The High Commissioner

António Guterres, who joined UNHCR on June 15, 2005, is the UN refugee agency's 10th High Commissioner.

Refugee Protection and Mixed Migration: A 10-Point Plan of Action

A UNHCR strategy setting out key areas in which action is required to address the phenomenon of mixed and irregular movements of people. See also: Schematic representation of a profiling and referral mechanism in the context of addressing mixed migratory movements.

International Migration

The link between movements of refugees and broader migration attracts growing attention.

Mixed Migration

Migrants are different from refugees but the two sometimes travel alongside each other.

Asylum and Migration

Asylum and Migration

All in the same boat: The challenges of mixed migration around the world.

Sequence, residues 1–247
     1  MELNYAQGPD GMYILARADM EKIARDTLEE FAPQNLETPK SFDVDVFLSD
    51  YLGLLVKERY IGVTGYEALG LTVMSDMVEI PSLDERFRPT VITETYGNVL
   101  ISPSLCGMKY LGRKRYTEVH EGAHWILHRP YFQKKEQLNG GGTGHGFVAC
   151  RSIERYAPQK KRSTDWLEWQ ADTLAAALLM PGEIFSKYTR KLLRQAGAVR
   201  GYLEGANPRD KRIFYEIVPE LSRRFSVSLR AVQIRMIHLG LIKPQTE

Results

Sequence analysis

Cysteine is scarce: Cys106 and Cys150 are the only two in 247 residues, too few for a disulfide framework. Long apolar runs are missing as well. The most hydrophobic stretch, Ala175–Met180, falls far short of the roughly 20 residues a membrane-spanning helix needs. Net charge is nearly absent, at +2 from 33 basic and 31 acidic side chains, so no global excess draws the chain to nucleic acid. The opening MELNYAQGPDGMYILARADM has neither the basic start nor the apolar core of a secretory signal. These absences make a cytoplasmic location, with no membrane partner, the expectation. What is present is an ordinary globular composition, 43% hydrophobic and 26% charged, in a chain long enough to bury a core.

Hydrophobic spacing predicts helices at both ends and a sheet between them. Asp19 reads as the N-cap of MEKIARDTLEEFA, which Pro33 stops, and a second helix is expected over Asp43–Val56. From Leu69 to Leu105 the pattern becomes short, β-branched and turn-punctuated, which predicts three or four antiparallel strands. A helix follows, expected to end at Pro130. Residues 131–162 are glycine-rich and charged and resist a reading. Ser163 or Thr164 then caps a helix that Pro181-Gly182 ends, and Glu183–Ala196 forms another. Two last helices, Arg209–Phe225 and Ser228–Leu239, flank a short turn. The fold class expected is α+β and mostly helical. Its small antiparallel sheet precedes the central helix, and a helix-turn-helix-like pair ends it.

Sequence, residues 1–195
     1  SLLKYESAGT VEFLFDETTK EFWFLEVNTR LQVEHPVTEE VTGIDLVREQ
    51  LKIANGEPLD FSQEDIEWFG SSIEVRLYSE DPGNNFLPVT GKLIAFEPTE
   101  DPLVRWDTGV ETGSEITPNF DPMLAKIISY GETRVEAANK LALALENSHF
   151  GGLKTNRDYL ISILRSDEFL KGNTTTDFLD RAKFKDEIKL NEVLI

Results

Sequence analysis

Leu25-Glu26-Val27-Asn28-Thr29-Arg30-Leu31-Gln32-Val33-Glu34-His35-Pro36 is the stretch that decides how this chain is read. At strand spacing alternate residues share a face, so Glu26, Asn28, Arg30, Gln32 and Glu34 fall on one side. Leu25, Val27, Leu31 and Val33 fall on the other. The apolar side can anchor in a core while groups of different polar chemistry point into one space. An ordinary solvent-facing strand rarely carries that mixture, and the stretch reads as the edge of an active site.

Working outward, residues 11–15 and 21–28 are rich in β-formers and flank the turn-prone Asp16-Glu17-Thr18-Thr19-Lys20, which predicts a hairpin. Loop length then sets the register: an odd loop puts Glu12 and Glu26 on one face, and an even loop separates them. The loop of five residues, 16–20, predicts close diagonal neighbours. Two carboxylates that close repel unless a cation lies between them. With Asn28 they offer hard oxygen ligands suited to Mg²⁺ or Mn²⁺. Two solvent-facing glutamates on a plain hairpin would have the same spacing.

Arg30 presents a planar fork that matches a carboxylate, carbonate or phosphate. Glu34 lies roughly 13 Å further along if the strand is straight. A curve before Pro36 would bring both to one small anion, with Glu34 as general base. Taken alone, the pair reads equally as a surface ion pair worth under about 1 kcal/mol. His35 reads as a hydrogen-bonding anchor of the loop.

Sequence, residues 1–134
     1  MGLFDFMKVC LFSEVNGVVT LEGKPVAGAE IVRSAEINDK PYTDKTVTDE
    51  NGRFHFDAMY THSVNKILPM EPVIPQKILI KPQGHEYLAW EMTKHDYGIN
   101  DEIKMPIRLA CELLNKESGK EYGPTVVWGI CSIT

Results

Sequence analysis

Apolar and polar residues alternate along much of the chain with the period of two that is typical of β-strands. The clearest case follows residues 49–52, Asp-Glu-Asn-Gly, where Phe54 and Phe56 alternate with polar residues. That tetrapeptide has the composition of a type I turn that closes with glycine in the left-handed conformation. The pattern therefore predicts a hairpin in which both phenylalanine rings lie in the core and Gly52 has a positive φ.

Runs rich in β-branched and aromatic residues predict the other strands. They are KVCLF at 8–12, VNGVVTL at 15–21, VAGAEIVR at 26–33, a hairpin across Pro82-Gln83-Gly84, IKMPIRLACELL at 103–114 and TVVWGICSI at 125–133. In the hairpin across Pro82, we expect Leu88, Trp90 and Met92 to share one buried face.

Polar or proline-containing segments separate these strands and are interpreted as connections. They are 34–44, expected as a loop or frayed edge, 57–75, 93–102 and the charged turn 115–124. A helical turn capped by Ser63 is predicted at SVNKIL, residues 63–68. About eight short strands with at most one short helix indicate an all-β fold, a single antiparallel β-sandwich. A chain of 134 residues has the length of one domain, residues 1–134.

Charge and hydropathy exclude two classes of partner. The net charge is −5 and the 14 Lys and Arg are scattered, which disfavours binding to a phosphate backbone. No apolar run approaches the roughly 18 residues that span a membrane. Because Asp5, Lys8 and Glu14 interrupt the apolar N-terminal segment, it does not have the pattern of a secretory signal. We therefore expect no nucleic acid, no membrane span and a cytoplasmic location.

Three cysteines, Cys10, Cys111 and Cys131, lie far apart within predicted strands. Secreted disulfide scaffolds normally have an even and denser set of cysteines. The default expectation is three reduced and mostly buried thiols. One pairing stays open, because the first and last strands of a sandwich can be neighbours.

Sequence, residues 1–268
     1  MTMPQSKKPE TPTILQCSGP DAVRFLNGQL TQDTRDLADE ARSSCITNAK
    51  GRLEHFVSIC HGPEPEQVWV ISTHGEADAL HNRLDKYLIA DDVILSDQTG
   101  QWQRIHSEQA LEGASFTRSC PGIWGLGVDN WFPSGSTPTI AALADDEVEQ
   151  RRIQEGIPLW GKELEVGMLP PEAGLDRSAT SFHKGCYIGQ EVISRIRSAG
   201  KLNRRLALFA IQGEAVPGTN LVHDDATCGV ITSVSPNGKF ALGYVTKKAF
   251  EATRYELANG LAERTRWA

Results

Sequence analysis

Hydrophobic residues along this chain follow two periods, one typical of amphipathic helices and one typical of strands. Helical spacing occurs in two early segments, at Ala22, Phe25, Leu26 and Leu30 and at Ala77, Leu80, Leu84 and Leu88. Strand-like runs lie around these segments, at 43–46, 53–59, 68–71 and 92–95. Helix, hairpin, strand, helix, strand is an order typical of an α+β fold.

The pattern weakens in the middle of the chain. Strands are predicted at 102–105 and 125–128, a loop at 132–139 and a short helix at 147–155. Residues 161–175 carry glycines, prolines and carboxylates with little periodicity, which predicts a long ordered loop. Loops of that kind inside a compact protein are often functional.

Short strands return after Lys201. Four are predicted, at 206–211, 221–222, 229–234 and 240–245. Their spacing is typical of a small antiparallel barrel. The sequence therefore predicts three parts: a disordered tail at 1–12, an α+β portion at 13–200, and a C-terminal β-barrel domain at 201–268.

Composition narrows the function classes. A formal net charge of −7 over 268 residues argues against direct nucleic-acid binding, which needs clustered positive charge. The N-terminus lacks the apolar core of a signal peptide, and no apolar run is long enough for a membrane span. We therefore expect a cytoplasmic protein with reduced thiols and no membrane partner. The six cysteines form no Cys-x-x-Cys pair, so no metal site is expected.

The Children of Harmanli Face a Bleak Winter

Since the Syrian crisis began in March 2011, more than 2 million people have fled the violence. Many have made their way to European Union countries, finding sanctuary in places like Germany and Sweden. Others are venturing into Europe by way of Bulgaria, where the authorities struggle to accommodate and care for some 8,000 asylum-seekers, many of whom are Syrian. More than 1,000 of these desperate people, including 300 children, languish in an overcrowded camp in the town of Harmanli, 50 kilometres from the Turkish-Bulgarian border. These people crossed the border in the hope of starting a new life in Europe. Some have travelled in family groups; many have come alone with dreams of reuniting in Europe with loved ones; and still others are unaccompanied children. The sheer number of people in Harmanli is taxing the ability of officials to process them, let alone shelter and feed them. This photo essay explores the daily challenges of life in Harmanli.

The Children of Harmanli Face a Bleak Winter

Beyond the Border